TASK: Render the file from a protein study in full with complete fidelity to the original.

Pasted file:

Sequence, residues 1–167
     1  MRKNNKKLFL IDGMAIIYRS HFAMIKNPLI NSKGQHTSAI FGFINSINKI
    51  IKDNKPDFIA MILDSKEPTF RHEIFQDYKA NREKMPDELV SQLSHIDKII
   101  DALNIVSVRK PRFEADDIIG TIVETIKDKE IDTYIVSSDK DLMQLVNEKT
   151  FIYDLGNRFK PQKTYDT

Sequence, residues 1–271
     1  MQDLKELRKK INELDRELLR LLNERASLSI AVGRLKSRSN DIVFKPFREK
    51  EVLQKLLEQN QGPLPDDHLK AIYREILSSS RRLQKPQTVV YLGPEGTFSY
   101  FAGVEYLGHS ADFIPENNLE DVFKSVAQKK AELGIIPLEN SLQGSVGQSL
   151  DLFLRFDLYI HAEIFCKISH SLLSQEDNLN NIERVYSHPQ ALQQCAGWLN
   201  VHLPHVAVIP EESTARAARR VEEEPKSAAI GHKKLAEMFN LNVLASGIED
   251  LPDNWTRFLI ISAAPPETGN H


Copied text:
Sequence, residues 1–167
     1  MRKNNKKLFL IDGMAIIYRS HFAMIKNPLI NSKGQHTSAI FGFINSINKI
    51  IKDNKPDFIA MILDSKEPTF RHEIFQDYKA NREKMPDELV SQLSHIDKII
   101  DALNIVSVRK PRFEADDIIG TIVETIKDKE IDTYIVSSDK DLMQLVNEKT
   151  FIYDLGNRFK PQKTYDT

Sequence, residues 1–271
     1  MQDLKELRKK INELDRELLR LLNERASLSI AVGRLKSRSN DIVFKPFREK
    51  EVLQKLLEQN QGPLPDDHLK AIYREILSSS RRLQKPQTVV YLGPEGTFSY
   101  FAGVEYLGHS ADFIPENNLE DVFKSVAQKK AELGIIPLEN SLQGSVGQSL
   151  DLFLRFDLYI HAEIFCKISH SLLSQEDNLN NIERVYSHPQ ALQQCAGWLN
   201  VHLPHVAVIP EESTARAARR VEEEPKSAAI GHKKLAEMFN LNVLASGIED
   251  LPDNWTRFLI ISAAPPETGN H